State monopoly of handouts

In Mexico, it is estimated that more than 5,500 civil organizations are dedicated to philanthropic and community actions …

The culture of philanthropy in Mexico has come a long way in recent decades; however, it is below what is found in other countries with a similar population and income. Although the United States is different in these two factors with Mexico, that society has a much more entrenched practice of altruism. A few indicators are enough: In 2020, the total resources that Americans donated to various causes, organizations and foundations was $ 472 billion, equivalent to 2.3% of GDP. Of that total, the majority, 69%, was contributed by individuals. The rest was borne by the corporations, foundations and legacies. 1.54 million civil organizations have been identified that receive donations for their vocation of charity and aid. The main ones are those dedicated to food, clothing, medicine and educational tutoring, with religious organizations being the most important grantees.

These data come from the National Philanthropic Trust (www., where it is also noted that, in 2020, despite the pandemic, 86% of “economically wealthier” adults increased their donations. In Mexico, more than 5,500 civil organizations are estimated that are dedicated to philanthropic and community actions and that receive donations for about 8,000 million pesos (mmp, about 400 million dollars) a year. For individuals, the tax deduction of these donations is an incentive that favors solidarity and fosters a culture of philanthropy.

The measure that the deputies approved as part of the Tax Miscellany 2022 to limit the deductions of these donations, is a devious blow to the operation of these organizations. The SAT pointed out that this limitation responds to abuses that have been detected in 4% of donor individuals who come to deduct up to 500 million pesos. If so, the violators should be punished, but not all donors.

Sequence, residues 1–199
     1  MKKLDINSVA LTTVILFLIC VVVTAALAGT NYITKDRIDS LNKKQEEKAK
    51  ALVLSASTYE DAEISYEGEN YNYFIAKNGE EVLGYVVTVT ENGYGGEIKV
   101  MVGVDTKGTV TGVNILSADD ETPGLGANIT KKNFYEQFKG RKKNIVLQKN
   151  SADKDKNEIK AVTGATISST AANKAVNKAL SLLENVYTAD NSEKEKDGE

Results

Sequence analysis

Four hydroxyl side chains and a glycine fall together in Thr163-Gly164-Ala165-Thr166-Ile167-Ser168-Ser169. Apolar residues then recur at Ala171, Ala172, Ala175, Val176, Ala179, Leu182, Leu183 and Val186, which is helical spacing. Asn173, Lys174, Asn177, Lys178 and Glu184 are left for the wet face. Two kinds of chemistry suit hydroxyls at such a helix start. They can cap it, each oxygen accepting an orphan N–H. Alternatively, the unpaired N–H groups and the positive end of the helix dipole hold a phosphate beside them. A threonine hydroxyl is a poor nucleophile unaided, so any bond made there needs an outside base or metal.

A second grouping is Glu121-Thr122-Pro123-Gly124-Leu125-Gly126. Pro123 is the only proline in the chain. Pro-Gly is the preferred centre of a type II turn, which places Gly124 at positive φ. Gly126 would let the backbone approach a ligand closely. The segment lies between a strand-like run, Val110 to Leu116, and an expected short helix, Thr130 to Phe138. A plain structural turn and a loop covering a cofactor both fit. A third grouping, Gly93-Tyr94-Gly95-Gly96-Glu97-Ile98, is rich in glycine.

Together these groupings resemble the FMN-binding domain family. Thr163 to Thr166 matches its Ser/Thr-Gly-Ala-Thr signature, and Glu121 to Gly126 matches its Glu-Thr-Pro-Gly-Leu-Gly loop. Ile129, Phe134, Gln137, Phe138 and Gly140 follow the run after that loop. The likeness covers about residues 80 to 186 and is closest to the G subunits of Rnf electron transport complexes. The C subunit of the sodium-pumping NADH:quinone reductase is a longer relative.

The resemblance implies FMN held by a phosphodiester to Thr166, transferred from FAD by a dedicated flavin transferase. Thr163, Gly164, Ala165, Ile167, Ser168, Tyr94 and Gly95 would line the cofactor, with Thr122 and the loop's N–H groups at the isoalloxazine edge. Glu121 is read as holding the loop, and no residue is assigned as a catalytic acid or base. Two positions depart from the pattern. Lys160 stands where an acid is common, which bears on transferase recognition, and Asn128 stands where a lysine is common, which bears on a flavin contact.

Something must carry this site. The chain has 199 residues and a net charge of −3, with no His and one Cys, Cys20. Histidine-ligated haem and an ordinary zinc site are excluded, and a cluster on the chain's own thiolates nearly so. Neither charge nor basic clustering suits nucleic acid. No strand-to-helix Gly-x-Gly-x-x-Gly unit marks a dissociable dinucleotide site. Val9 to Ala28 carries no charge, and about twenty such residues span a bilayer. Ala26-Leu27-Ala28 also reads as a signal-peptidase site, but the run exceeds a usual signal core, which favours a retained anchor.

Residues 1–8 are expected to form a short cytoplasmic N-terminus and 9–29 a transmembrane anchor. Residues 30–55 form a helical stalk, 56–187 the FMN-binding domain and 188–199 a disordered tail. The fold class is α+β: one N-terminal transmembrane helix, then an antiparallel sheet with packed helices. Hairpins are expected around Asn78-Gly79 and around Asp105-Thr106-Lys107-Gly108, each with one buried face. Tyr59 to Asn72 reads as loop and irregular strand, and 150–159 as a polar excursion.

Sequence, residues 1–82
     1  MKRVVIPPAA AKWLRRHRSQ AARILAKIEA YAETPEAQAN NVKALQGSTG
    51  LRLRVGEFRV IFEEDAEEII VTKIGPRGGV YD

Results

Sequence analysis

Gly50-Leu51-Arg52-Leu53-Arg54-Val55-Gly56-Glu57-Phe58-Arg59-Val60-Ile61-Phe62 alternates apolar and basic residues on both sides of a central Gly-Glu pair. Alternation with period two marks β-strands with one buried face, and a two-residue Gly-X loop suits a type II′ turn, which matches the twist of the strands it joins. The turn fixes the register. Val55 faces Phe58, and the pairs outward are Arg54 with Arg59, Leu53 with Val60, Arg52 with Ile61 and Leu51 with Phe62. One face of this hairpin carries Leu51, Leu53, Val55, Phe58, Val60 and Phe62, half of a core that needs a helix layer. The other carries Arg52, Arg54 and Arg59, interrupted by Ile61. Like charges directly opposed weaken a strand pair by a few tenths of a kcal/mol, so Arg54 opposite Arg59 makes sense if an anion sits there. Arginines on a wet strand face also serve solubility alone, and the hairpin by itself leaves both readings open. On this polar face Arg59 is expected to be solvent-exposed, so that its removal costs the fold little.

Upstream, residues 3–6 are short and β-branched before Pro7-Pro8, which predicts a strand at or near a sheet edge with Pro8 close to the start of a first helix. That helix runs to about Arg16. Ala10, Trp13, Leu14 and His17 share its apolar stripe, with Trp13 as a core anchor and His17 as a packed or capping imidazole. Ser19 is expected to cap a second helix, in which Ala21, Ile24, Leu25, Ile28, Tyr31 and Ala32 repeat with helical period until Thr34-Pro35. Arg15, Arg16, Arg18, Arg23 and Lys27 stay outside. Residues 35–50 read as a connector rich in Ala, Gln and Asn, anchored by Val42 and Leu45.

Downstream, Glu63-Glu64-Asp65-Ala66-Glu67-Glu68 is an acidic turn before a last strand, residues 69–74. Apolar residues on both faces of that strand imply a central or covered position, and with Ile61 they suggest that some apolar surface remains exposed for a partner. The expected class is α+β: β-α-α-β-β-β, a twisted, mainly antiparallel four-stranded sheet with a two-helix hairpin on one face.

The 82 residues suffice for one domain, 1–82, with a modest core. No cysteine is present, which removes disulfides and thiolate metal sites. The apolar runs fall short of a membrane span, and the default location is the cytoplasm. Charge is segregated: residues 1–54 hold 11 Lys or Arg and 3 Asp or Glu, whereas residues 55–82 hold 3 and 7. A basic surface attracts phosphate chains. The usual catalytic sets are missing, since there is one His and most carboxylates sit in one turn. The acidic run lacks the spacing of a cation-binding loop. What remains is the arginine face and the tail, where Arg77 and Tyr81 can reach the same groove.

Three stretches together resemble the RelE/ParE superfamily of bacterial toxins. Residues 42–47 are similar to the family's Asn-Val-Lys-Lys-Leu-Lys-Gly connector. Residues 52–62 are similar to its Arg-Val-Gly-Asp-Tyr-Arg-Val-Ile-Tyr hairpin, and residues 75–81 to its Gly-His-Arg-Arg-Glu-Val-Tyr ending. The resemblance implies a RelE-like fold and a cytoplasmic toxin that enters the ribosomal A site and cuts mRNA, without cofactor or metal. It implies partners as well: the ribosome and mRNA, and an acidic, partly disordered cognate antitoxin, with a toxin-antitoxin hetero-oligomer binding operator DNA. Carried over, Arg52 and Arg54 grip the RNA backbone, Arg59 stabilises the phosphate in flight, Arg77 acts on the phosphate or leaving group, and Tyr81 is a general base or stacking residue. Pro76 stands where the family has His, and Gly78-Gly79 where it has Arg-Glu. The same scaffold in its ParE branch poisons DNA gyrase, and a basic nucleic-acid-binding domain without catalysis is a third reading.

Considering the current deduction of 35% of the 8 mmp of donations, the deductibles would be 2.8 mmp, so what would be collected with this measure is not significant. But many organizations that depend on small donations from individuals would see their operations and even their subsistence threatened. The Telethon, for example, which fulfills an essential function of helping needy children who cannot be cared for by the government, would suffer a significant impact.

The motivation for limiting this deductibility is political and electoral. The president does not want to accept that these organizations play an allied role with the government, since they complement what the government cannot offer in terms of food assistance, medical care, culture, sports, and so on. In line with its statist tendency and to belittle civil society, this government wants a monopoly on granting benefits, although it cannot fully comply with it. He does not tolerate society being supportive and acting altruistically on its own. Hopefully the senators will reverse this aberration that is an obstacle to consolidating a culture of social generosity.

Twitter: @frubli

Federico Rubli Kaiser


IMEF Magazine

Economist graduated from ITAM. He has master’s and doctoral studies in monetary theory and policy, and international finance and trade. Columnist for El Economista. He has been an advisor to the Banxico Governing Board, Director of Institutional Linking, Director of External Relations and Coordinator of the Governor’s Office, Manager of External Relations, Manager of Macro-Financial Analysis, Assistant Manager of Macroeconomic Analysis, Assistant Manager of International Economy and Analyst.

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